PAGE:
The Canoe’s History at The Cabin
The open canoe, long embraced as the proud symbol of outdoor living, now sits abandoned and rotting away on many cottage properties.
Why have we lost our love for the traditional pleasure of canoeing in an open canoe?
Proud Canoe Heritage
The open canoe has always held a special place in the hearts of Canadians. Our history and outdoor culture have been defined by it, and in a 2007 CBC poll, Canadians rated the canoe as one of the Seven Wonders of Canada.
Many people have fond childhood memories of canoeing at a camp, and for the legions of Canadians who spend their summers in cottage country, the tradition of canoeing is a core part of their wilderness identity.
At least, it used to be.
A Bit Of History
We all know the canoe played an integral part in the early development of Canada. The First Nations communities, the voyageurs, and the Hudson’s Bay Company relied on canoes to navigate this great country, develop the fur trade, and in turn, the Canadian economy.
By the mid 1800s the fur trade was essentially dead, but the canoe still had a large fan base of recreational users.
In Peterborough, from the early 1850s until the 1960s a number of companies produced a variety of wooden canoes. The market for these traditional canoes was strong until the 1920s, but when outboard motors began to gain in popularity, it signalled the beginning of the end for wooden canoe makers.
By the late 1950s, aluminum and fiberglass canoes had hit the market providing cheaper options for canoeing enthusiasts. Canoeing remained popular, but the less expensive and more durable models changed the industry, and the demand for handmade wooden canoes was soon reduced to a fraction of its former level.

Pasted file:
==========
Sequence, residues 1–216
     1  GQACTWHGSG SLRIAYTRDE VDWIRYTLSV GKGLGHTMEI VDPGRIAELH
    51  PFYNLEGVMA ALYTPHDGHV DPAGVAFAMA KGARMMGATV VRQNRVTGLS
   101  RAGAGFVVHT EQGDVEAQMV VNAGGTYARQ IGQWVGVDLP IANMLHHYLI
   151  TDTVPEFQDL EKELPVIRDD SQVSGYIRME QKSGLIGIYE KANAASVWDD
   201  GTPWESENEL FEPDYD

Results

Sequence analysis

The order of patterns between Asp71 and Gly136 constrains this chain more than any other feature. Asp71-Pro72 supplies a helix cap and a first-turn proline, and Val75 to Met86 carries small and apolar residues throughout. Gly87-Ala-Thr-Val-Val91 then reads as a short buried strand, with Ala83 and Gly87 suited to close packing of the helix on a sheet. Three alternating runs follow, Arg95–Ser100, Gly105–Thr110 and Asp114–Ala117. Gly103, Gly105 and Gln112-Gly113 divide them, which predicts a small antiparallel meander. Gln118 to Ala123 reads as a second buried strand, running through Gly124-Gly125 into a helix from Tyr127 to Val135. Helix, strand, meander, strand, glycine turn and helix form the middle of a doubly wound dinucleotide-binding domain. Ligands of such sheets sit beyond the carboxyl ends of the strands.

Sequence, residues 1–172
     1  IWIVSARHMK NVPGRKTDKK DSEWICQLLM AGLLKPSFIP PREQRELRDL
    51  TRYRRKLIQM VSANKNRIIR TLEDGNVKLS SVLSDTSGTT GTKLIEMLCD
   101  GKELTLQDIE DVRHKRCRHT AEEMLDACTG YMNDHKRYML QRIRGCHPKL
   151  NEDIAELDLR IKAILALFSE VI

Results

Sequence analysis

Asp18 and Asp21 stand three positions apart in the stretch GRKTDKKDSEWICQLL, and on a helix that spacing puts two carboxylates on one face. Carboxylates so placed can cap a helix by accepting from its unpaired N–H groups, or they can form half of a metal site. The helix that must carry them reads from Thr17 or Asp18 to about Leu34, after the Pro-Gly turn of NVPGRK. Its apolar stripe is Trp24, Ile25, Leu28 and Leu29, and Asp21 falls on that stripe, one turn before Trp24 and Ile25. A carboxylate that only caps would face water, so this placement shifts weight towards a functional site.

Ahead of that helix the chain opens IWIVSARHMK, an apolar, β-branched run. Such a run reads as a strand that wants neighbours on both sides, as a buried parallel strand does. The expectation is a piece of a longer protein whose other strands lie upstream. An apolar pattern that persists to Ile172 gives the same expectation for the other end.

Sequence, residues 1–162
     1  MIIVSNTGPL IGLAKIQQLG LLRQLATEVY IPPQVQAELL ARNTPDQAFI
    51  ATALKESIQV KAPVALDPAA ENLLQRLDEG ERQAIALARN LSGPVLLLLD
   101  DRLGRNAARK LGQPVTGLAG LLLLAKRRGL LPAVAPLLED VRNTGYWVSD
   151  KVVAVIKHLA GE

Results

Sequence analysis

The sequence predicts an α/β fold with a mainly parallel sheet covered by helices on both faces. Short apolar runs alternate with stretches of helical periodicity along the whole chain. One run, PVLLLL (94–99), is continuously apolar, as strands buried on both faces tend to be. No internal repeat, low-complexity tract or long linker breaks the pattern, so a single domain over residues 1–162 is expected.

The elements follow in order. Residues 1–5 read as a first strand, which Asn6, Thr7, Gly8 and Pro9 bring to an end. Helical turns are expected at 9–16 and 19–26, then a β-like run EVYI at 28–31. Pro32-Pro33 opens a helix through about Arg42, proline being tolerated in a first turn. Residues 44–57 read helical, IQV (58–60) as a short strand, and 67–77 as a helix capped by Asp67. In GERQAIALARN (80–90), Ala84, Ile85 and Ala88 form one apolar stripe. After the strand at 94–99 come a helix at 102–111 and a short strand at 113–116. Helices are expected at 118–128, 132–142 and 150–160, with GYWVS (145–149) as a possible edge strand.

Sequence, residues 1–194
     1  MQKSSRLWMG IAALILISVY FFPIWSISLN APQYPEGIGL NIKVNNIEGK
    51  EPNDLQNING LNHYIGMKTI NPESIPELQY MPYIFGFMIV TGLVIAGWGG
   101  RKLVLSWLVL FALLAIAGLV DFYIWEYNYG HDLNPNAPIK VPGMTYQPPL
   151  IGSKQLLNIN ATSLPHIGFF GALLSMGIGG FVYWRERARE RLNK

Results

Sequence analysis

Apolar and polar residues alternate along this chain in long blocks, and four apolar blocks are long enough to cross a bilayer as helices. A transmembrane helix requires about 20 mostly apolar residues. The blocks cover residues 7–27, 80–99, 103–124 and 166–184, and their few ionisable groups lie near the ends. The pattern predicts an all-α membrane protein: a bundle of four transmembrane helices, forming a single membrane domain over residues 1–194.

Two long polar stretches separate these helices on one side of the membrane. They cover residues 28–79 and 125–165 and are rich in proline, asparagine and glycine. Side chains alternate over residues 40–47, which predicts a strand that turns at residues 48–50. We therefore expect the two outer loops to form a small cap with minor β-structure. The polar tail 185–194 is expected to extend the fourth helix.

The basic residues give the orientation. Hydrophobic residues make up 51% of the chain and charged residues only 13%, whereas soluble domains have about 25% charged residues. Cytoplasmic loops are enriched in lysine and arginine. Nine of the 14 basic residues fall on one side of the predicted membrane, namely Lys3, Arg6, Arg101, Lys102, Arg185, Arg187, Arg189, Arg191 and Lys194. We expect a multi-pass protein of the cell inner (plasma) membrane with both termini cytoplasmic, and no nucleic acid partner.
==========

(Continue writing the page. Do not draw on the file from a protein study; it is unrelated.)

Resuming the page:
A Canadian Legend
As the seventies arrived, cottagers were mostly using outboard motors to get around the lake but recreational canoeing still had widespread support, and a lot of the credit goes to one man.
You may think that Pierre Elliot Trudeau was the most famous Canadian canoeist, but the most influential man in a canoe was arguably Winnipeg-born Bill Mason. Known by many enthusiasts as the father of canoeing in the 20th century, Mason’s books, films and wilderness adventures inspired Canadians across the country during the ’70s and ’80s to embrace the art of canoeing as a means of getting in touch with nature.
While the sport of whitewater canoeing has continued to draw more participants, the passion for casual canoeing that was inspired by Mason has struggled to find support with the next generation. In recent years, the popularity of the open canoe has fallen. Fewer people go to summer camps for their holidays, kayaks have become cool, and older cottage owners have taken up new hobbies.
Canoeing can be hard work, especially if you are battling the wind on a long trip. It’s a skill that requires a bit of practice, and the activity is usually done with two or more people.
These characteristics used to be perceived as appealing and were responsible for pulling people of all ages into the sport.
Now, the easy road and trendy path are the routes we often search for when considering our outdoor recreation.
The Appeal of Kayaks